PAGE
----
If you have children, that urgent question has been a staple during your parenting journey. The crash of a glass and the cry of your child alert you that something went wrong.
Similarly, it doesn’t take much insight or research to realize that our world is broken and crying out for help. We see people hurting, feel pain ourselves, and long for relief, escape, and peace. As we share the good news of Christ, how can we diagnose and communicate to a world who is unsuccessfully seeking ways to escape their brokenness?
God in his common grace, gives us emotions—really part of our moral conscious—that expose two ways we are spiritually broken. I believe the realities of guilt and shame are God’s gracious provision to make us aware of our brokenness and need for him. I also believe that understanding the relationship of the gospel to both guilt and shame can help us faithfully present the gospel in relevant terms in both our culture and other global contexts.
Guilt focuses on the personal legal standing of an individual before the law. A judge makes a legal decision based on the evidence of an individual breaking the law. Guilt is ideally the unbiased judgement of whether one has conformed to the law. Sin is breaking the holy law of God; therefore, justice must be served. Guilt is a legal standing that should induce a moral feeling because of our relationship to the law.
Salvation from guilt entails God covering our sin by his Son fulfilling the law, paying our debt, and receiving our punishment by his perfect, substitutionary sacrifice on the cross.
Shame, in contrast, focuses on personal relationships within the family. Honor comes when children maintain respectful, obedient relationships with their parents. Sin, from a shame perspective, is breaking a relationship, dishonoring the family, and disobeying the authority figure within the family. When this relationship breaks, then it brings shame to the person, the family, the community, and the group’s authority/elder/father.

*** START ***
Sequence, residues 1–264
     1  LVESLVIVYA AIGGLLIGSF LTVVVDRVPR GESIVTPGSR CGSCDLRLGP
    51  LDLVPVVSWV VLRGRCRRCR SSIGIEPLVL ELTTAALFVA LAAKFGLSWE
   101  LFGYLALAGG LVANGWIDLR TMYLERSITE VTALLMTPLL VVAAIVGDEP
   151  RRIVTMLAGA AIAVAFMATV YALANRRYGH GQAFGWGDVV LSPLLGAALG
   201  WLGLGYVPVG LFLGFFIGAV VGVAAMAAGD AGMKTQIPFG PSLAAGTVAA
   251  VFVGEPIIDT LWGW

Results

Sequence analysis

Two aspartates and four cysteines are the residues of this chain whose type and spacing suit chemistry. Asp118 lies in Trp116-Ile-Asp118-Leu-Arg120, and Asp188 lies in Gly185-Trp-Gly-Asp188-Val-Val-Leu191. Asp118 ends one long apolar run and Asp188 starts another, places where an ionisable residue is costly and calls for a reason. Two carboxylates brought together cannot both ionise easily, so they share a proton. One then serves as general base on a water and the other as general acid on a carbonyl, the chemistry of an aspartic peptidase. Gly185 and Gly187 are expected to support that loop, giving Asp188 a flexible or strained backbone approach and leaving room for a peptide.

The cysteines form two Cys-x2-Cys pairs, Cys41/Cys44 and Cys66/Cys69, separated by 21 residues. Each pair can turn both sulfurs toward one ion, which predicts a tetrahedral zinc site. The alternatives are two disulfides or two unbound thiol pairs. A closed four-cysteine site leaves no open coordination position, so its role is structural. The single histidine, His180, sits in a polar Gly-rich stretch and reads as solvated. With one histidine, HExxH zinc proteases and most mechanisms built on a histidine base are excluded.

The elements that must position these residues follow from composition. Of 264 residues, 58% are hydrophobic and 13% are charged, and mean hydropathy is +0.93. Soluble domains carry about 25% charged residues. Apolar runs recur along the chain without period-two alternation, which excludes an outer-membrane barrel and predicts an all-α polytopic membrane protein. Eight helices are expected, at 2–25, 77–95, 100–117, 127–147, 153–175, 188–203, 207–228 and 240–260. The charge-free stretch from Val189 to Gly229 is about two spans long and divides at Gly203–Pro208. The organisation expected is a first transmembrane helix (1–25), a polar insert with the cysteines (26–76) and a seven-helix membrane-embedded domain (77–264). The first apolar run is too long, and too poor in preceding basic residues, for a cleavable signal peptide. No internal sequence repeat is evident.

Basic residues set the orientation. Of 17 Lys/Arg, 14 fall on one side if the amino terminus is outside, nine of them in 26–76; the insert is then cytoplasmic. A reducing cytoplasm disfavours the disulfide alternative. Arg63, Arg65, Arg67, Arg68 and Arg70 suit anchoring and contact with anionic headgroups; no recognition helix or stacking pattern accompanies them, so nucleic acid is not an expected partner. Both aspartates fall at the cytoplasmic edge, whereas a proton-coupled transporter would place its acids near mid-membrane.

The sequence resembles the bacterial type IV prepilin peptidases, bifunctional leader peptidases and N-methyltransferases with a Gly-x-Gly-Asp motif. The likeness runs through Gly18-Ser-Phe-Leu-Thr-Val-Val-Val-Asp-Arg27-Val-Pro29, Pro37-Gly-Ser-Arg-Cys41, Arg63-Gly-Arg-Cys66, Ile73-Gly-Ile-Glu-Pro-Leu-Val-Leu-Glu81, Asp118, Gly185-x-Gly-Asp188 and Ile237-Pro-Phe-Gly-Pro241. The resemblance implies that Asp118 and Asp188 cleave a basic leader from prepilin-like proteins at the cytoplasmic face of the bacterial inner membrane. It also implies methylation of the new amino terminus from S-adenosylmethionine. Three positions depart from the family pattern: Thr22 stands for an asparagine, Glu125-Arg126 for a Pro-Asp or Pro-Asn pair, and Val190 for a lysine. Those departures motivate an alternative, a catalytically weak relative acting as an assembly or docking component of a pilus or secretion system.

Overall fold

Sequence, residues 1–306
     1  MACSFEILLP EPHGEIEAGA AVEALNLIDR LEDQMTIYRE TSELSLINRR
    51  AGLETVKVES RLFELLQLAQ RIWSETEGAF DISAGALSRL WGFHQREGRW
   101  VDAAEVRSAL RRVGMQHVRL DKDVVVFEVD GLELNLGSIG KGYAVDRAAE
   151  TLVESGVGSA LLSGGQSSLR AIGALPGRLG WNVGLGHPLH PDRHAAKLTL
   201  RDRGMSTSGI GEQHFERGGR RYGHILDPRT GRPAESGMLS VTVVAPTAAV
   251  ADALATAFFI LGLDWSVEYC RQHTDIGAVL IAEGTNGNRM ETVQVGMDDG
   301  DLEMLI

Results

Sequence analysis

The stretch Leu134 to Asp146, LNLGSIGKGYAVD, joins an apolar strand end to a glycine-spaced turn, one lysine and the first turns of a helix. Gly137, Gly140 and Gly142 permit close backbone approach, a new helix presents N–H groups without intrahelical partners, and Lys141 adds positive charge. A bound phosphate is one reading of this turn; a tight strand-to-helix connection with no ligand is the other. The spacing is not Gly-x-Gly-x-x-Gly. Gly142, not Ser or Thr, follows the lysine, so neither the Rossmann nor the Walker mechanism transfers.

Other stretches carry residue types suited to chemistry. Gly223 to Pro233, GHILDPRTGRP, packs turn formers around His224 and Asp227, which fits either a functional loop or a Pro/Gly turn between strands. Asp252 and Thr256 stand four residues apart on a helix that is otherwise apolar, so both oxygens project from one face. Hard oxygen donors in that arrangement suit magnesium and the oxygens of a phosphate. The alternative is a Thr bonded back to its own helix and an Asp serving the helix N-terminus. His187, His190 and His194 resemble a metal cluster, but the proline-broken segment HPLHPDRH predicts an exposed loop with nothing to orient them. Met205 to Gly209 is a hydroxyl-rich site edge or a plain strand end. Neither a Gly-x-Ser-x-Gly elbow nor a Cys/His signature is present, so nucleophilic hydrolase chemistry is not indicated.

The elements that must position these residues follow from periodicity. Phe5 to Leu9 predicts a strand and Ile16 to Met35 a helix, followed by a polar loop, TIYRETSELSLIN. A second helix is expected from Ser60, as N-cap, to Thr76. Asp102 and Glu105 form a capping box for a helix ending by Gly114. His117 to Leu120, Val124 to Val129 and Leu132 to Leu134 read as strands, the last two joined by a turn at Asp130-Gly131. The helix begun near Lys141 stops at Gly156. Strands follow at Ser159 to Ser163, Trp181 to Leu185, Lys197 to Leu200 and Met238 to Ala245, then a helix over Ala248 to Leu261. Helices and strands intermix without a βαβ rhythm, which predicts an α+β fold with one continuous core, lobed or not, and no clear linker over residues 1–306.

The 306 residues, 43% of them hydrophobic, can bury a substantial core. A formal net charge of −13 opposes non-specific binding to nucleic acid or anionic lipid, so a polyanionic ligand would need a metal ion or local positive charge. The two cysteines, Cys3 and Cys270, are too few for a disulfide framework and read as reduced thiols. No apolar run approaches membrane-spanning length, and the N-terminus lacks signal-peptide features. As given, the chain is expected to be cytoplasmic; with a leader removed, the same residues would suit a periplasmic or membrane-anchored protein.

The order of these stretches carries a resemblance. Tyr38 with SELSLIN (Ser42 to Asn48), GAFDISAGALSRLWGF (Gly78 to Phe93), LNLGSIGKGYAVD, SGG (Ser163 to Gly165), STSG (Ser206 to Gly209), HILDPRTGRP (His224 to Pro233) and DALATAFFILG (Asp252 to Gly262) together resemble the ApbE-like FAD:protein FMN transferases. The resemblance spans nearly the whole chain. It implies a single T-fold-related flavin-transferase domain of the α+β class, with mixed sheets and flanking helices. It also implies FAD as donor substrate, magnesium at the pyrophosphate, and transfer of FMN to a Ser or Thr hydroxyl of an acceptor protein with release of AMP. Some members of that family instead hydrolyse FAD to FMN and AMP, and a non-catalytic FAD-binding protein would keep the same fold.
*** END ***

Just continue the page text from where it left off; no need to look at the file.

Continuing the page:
Salvation from shame looks like God adopting us into his family so that we are no longer rebellious enemies, but beloved children.
In short, guilt is a legal problem and shame is a relational problem. The gospel provides both legal redemption and relational reconciliation.
A gospel presentation that focuses on guilt would explain the law, our failure to keep the law, the penalty of our sin, the coming judgment, and the perfect sacrifice that Jesus gave. Salvation immediately changes our legal standing as we are justified—declared righteous. Our justification and redemption are based on Christ fulfilling the law and paying the penalty for our sin. We get the righteousness of Christ and Christ takes the weight of our sin. The Father declares sinners guiltless as he finds satisfaction in the work of his Son on the cross.
A gospel presentation that focuses on shame would explain our relationship with God in the garden and how sin broke that perfect relationship. Adam and Eve felt shame after their sin and were immediately aware of their nakedness. They were physically and spiritually exposed as creatures who had disobeyed their Creator. Our sin brings dishonor and disrespect to the Father as we have rebelled against his perfect will. Our sin has given Satan opportunity to boast and malign God’s name.
Furthermore, a shame focused gospel conversation would talk about the reconciliation of this relationship and focus on the Father’s love, the Father’s grace, and the Father’s forgiveness. The Father, by sending Jesus, has done all that was necessary to bring glory to his name (reversal of shame) and bring us into full membership in his kingdom family. This membership graciously comes through adoption as sons and daughters, not as servants or slaves. These themes of relational brokenness and restoration often resonate more effectively with those in shame-based cultures across the globe.
Both guilt and shame should be included in complete presentations of the gospel because they both emphasize important effects of sin and the Fall. Western Christians should be aware that our cultural value of individualism often leads us to emphasize the guilt perspective to sin when evangelizing. When contextualizing the gospel—especially in cross-cultural situations—it would be wise to know the worldview of the people and adapt gospel presentations to address cultural questions and felt needs. A faithful presentation would go on to quickly raise the questions that arise from Scripture and that might be a blind spot in that same culture.
Guilt and shame are both significant to understanding the human need for salvation and must not be emphasized to the exclusion of the other. Guilt points to our need for redemption and shame points to our need for reconciliation. Redemption and reconciliation are both provided at the cross!